For this demonstration I’ve soloed three pad-like elements I added using sounds from Native Instruments Kontakt 3. The simplest of these is a trombone line I programmed to follow the main bass part, with some programmed swells to help provide a little added momentum into the end of each four-bar phrase. On top of this I created some divisi cello chords to thicken the lower midrange and generally warm things up. The Harp part fulfils a similar role to that of the cellos, except that its ostinato also helps improve the rhythmic drive of the arrangement a little.
This example omits the pad layers in the Stuffing01_CelloTrombHarpSolo file from the full remix sound. If you compare it with the Stuffing00_FullMix file, you’ll hear how these ingredients are surprisingly important to the fullness of the final texture, even though each of them is scarcely audible in its own right as a distinct part in the arrangement.
I used a legato VSL flute patch from Native Instruments Kontakt 3 to bolster a number of sections of Kayle’s composition, including the climactic themes you can hear in Stuffing00_FullMix. I’ve soloed this track for you in this audio example, so you can hear exactly what it’s doing, because it’s movements are almost indetectible once it’s mixed in with all the other orchestral instruments.
If you compare this file with Stuffing00_FullMix, you can hear the difference made by the solo flute showcased in Stuffing03_FluteSolo. Notice in particular how the second statement of the main tune at 0:14 sounds fuller and smoother in Stuffing00_FullMix, even though it still comes across as a trumpet solo. It’s only when you take the flute away that you realise how much it’s supporting the apparent trumpet tone.
I added a variety of additional percussion to Kayle’s arrangement, to bring it more into line with the kind of orchestral sound he said he liked -- scores by Danny Elfman and Thomas Newman, for instance. In this file I’ve soloed the percussion parts from Stuffing00_FullMix so that you can hear them more clearly. There are hits/rolls on timpani, bass drum, suspended cymbals, and snare drums, as well as the rhythmic twinkling of a glockenspiel for the second interation of the theme. All these sounds came from VIR2’s Elite Orchestral Percussion library, running in Native Instruments Kontakt 3, and were supported with a low-level march-style rhythmic loop from Big Fish Audio’s Symphonic Manoeuvres 2. While the parts could still be refined further, they already make an enormous difference to the sense of drama and excitement during the score.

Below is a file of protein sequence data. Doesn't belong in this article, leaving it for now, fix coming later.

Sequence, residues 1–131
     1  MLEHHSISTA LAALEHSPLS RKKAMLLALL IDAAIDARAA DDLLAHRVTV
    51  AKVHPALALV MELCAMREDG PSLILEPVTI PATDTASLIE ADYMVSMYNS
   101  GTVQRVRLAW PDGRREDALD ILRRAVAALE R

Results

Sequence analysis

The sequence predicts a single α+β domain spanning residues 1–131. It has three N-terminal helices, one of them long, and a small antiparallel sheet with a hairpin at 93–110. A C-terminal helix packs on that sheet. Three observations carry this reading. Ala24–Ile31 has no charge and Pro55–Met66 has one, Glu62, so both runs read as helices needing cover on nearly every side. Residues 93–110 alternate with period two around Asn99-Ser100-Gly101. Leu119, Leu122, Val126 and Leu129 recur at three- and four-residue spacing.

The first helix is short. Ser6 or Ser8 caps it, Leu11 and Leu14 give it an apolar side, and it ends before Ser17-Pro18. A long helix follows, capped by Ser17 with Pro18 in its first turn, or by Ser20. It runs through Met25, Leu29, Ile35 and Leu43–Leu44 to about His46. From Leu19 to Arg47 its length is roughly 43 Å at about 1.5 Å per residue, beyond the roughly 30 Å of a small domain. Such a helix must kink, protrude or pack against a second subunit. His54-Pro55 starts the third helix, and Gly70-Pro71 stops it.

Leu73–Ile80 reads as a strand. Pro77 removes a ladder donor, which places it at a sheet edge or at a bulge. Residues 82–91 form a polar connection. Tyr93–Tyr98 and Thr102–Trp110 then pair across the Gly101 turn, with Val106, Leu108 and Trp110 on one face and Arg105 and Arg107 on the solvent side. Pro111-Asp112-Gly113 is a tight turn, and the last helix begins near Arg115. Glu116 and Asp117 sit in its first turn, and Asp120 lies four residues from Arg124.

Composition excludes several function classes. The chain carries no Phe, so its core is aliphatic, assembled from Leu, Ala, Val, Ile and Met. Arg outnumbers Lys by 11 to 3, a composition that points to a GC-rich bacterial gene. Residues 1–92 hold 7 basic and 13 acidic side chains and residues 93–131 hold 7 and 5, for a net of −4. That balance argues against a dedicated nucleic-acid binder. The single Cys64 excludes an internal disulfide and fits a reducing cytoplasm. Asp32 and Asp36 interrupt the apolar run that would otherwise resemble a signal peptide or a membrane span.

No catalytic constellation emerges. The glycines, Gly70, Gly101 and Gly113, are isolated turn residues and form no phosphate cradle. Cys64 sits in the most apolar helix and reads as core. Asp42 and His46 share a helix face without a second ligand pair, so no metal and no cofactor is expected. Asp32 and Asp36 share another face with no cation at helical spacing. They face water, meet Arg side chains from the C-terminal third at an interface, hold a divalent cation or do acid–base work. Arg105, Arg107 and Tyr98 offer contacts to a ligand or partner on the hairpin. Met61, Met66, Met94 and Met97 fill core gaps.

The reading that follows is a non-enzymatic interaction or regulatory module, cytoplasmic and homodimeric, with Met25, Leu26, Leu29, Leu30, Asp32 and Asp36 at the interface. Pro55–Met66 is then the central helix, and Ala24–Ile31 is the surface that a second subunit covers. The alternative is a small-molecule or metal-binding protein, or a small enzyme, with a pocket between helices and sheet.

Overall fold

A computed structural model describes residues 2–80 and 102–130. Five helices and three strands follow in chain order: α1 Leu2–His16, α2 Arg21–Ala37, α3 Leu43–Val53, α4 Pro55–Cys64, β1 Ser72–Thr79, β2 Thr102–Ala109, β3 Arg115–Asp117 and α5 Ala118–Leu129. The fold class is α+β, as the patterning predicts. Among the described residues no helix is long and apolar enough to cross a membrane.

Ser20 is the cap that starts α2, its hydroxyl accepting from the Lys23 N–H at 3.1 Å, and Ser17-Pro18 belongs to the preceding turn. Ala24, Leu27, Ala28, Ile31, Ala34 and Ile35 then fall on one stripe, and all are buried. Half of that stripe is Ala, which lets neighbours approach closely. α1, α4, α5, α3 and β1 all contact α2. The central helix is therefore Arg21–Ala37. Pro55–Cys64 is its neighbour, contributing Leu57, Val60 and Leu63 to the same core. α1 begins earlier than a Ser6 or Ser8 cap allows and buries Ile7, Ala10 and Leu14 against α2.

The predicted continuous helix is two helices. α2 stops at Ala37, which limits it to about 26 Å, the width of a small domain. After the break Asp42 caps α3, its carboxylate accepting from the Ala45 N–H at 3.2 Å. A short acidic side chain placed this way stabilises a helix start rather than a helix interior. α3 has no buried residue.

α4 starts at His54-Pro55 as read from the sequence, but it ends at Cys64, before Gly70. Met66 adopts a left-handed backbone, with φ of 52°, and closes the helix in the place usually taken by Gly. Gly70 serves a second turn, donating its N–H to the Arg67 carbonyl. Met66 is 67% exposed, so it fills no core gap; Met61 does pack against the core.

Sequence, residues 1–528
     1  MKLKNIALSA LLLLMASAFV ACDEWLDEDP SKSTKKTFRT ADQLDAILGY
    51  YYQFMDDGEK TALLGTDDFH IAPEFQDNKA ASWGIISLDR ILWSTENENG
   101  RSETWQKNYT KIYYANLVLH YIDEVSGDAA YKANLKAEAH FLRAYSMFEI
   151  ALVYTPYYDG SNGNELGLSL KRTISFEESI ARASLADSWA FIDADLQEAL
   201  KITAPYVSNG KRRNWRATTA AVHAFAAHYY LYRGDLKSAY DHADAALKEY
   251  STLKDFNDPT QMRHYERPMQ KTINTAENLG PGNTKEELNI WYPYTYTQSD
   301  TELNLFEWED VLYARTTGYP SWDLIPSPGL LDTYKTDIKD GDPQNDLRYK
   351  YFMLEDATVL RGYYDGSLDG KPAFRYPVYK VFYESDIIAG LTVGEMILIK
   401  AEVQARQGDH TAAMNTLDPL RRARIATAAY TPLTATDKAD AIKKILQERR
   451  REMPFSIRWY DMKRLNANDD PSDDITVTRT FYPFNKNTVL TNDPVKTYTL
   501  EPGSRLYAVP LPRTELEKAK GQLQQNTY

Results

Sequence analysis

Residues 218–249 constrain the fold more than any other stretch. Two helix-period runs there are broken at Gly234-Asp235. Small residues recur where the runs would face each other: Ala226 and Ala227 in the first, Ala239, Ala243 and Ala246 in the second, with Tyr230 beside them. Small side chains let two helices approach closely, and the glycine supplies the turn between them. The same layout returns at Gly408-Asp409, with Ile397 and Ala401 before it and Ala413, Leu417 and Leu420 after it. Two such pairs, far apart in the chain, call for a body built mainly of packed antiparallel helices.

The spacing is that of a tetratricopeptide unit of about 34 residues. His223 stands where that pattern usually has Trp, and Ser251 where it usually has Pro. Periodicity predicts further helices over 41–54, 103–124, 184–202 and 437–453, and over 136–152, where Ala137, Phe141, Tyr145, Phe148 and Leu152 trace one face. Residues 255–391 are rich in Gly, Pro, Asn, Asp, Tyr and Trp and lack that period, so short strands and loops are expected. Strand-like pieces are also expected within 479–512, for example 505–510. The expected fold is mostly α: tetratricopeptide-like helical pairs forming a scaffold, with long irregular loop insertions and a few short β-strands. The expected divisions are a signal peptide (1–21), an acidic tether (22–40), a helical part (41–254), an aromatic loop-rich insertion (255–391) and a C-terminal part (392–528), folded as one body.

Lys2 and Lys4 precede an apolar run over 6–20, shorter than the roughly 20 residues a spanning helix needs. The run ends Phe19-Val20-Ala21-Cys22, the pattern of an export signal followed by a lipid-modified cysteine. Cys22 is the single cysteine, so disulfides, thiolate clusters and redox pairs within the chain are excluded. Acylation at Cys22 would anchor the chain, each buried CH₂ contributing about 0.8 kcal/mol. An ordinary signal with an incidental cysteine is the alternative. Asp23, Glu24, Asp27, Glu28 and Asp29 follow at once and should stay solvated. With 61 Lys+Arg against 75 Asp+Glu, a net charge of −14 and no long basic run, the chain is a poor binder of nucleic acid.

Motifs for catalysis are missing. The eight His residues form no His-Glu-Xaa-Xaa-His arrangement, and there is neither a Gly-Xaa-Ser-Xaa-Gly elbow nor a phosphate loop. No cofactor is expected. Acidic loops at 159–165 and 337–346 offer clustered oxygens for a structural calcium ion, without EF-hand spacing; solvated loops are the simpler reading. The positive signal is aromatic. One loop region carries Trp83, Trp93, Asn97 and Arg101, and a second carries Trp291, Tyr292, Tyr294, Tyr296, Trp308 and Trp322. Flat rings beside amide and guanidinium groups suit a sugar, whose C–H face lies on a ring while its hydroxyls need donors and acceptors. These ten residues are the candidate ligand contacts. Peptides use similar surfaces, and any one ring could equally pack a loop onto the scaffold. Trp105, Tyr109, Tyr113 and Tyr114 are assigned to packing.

All my added percussion parts have been muted for this audio example, so if you compare it with Stuffing00_FullMix you can get a good idea of how important these elements were to the final remix presentation.
To further enhance the march-like flavour of his composition’s final section, I programmed a new part comprising rhythmic stabs from the trombones and horns, which you can hear soloed in this audio example. Although the stabs are designed to sound loudly played, I nonetheless spent a good while shaping the MIDI velocity data triggering them to get a bit of musicality out of them, and was also careful to adjust note durations carefully. I also applied more reverb to these parts than to most of the others, to push them a bit further into the background, so that they wouldn’t be too distracting from the more important melodic parts.
Here’s what the Stuffing00_FullMix file would have sounded like had I muted the rhythmic trombones/horns of the Stuffing07_BrassStabsSolo example. Although again these parts don’t seem that audible, they nonetheless transform the sense of urgency of the arrangement as a whole for these climactic moments.
As a final demonstration, here’s what Stuffing00_FullMix would have sounded like without any of the added arrangement layers showcased in the intervening example files.
This is the original mix Kayle Clements sent in of his track ‘Marty’s Song’, which he’d put together using Audiobro’s LA Scoring Strings, Garritan’s Steinway, and the VSL instruments bundled with Native Instruments Kontakt 4.
Here’s my final remix of Kayle’s composition, carried out in Cockos Reaper using a variety of additional parts programmed using VIR2’s Elite Orchestral Percussion, Big Fish Audio’s Symphonic Manoeuvres 2, and the Vienna Symphonic Library instruments bundled with Native Instruments Kontakt 3. 0